SM_227a: Biologics and Therapeutics Flashcards Preview

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Flashcards in SM_227a: Biologics and Therapeutics Deck (33)
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1

Describe the clinical course of RA

Clinical course of RA

  • Chronic and progressive disease
  • 50% of patients have irreversible joint damage at 2 years: true cause of late disability
  • If not treated early and aggressively leads to increasing joint destruction and deformity, progressive physical disability, and reduced quality of life

2

Describe the therapeutic aim in RA

Therapeutic aim in RA

  • Signs and symptoms: improvement, remission
  • Joint damage: slowing, prevention, reversal
  • Disability: improvement, prevention, reversal

 

Requires a comprehensive approach: type of intervention, timing, follow-up management, assessment of comorbid conditions

3

Primary target in treating RA is state of ____

Primary target in treating RA is state of clinical remission

 

(low disease activity may be an alternative therapeutic goal, particularly in established long-standing disease)

4

Describe non-biologic DMARDs in RA

5

Describe the benefits and considerations of hydroxychloroquinone in RA

Hydroxychloroquinone

  • Effective for mild disease and in combo with methotrexate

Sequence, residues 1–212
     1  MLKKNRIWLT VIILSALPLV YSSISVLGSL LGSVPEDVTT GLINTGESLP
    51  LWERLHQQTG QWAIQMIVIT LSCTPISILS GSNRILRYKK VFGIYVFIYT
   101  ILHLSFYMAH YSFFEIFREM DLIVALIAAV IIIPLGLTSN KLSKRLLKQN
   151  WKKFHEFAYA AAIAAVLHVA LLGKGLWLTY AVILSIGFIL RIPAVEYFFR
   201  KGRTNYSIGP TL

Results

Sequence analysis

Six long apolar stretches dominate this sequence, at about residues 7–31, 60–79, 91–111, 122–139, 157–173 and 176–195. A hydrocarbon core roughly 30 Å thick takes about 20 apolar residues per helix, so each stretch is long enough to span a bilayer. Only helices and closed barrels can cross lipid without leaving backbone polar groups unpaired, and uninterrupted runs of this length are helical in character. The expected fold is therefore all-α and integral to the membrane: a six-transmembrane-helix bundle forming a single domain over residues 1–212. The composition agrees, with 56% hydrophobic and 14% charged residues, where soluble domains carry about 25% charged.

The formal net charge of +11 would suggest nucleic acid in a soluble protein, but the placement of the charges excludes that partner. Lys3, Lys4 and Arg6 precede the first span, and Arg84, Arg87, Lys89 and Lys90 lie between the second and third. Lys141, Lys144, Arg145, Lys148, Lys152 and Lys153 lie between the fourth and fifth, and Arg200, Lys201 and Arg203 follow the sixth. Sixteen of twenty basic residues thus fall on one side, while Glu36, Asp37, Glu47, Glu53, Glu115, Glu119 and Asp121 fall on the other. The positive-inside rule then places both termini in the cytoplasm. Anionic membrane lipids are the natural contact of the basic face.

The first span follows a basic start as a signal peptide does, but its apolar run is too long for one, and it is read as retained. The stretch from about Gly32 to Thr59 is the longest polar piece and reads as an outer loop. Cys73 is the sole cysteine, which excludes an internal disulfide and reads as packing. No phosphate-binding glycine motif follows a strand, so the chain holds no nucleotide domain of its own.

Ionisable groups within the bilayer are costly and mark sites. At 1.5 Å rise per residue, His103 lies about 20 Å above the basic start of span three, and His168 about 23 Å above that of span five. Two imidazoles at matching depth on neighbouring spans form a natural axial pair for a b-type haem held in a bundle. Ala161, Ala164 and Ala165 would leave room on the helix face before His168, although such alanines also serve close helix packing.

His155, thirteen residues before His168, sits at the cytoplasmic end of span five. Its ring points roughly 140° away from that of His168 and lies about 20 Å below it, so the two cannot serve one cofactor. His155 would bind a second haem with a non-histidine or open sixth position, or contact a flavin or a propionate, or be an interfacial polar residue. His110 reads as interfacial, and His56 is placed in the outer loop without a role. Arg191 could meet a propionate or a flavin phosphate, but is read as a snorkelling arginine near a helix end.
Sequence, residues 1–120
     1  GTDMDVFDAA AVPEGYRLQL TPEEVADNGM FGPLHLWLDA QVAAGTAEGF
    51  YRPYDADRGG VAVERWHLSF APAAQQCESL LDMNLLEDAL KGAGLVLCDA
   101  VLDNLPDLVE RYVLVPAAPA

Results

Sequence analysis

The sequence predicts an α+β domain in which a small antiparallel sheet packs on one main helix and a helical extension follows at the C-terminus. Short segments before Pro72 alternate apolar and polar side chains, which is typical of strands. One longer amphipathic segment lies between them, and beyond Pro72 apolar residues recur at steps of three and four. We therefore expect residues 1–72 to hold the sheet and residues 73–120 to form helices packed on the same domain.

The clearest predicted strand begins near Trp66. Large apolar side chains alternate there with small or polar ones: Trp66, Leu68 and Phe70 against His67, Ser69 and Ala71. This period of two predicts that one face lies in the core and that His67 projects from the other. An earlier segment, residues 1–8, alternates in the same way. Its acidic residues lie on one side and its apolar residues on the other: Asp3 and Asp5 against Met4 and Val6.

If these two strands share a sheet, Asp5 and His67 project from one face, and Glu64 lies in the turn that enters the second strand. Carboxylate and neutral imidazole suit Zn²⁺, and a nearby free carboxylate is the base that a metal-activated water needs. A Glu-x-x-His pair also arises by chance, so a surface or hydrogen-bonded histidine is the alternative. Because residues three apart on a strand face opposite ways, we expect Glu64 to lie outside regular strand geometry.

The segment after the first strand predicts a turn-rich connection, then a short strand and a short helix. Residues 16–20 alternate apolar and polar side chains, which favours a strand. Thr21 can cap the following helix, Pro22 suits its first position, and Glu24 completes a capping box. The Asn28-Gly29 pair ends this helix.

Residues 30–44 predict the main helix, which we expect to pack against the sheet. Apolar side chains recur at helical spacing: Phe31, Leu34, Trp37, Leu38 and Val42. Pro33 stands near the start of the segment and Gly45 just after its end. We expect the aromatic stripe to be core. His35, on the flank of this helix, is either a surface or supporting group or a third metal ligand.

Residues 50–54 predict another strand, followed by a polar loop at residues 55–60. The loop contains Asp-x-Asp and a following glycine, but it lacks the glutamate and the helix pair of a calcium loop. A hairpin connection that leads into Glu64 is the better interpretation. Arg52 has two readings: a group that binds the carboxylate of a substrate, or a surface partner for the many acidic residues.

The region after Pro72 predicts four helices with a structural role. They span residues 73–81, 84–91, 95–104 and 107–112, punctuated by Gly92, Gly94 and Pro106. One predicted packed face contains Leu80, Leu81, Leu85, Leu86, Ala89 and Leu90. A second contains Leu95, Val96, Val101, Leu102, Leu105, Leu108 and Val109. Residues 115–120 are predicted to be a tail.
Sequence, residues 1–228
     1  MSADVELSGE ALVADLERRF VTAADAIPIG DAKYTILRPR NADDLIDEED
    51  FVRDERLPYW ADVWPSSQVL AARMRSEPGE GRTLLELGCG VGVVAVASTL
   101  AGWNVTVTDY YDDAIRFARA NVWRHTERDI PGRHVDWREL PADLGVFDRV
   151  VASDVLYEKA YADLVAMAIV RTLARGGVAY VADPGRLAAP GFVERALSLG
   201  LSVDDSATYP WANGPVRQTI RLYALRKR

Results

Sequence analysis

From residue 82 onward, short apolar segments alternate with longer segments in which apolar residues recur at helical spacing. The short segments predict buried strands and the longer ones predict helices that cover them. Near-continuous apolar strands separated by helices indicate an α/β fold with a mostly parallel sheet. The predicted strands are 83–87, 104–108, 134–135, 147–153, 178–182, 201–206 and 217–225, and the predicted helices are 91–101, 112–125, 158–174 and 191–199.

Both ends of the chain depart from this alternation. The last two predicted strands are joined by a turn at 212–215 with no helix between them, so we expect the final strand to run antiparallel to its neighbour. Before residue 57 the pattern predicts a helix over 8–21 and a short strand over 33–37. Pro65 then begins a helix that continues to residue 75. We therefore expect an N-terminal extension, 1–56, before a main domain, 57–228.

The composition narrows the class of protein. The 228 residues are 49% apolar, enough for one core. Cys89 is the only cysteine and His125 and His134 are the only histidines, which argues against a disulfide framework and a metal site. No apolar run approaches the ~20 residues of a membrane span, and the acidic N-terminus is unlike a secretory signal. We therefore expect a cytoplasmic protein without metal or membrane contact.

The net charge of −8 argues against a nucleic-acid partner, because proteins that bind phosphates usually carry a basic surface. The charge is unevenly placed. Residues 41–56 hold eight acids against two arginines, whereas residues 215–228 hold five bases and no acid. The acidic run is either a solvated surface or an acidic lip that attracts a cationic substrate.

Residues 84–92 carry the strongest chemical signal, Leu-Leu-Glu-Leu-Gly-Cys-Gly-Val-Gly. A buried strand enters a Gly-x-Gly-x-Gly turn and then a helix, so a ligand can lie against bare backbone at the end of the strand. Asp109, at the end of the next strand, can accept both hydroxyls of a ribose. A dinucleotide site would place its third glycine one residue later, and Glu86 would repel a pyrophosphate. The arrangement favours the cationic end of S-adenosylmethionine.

• Takes 3-6 months to become effective
  • No evidence of halting radiographic progression

6

Describe the benefits and considerations of sulfasalazine in RA

Sulfasalazine in RA

  • Effective for mild-moderate disease
  • May be used with other agents
  • Slows radiographic damage
  • Contraindicated in patients who have sulfa allergies

7

Describe the benefits and considerations of methotrexate in RA

Methotrexate in RA

  • Cornerstone for most treatment regimens
  • Well-tolerated once weekly medication
  • Slows radiographic damage
  • Contraindicated in potentially childbearing women
  • Usually administed with folic acid supplementation

8

Describe benefits and considerations of leflunomide inRA

Leflunomide in RA

  • For moderate-severe disease
  • Slows radiographic progression
  • Greater cost
  • Long half-life
  • Contraindicated in potentially childbearing women

9

Describe the pathogenesis of RA

Pathogenesis of RA

  1. Synoviocytes activated
  2. Angiogenesis
  3. T cells and other immune cells come into synovium
  4. Osteoclasts activated and break down bone
  5. Bone erodes

(synovium becomes hyperplastic, pannus eats away at interface between bone and cartilage)

10

Describe the immune cascade in RA

Immune cascade in RA

  1. APC/DC activates T cells
  2. T cells activate B cells, macrophages, fibroblast like synoviocytes (FLS)
  3. B cells turn into plasma cells -> RF autoantibodies
  4. FLS lead to inflammation and joint damage
  5. Macrophages secrete cytokines, MMPs, prostaglandins, and nitric oxide

11

_____ secreted by immune cells play a role in pathogenesis of RA

Cytokines secreted by immune cells play a role in pathogenesis of RA

12

_____ and _____ are pro-inflammatory cytokines, while _____, _____, and _____ are anti-inflammatory

TNF-alpha and IL-1 are pro-inflammatory cytokines, while sTNF-R, IL-10, and IL-Ra are anti-inflammatory

13

Cytokine inhibitors function to ______

Cytokine inhibitors function to restore balance between pro-inflammatory and anti-inflammatory cytokines

14

Biologic response modifiers are complex proteins that inhibit the inflammatory cascade by acting as _____, _____, and _____

Biologic response modifiers are complex proteins that inhibit the inflammatory cascade by acting as receptor antagonists, monoclonal antibodies, and soluble cytokine receptors

15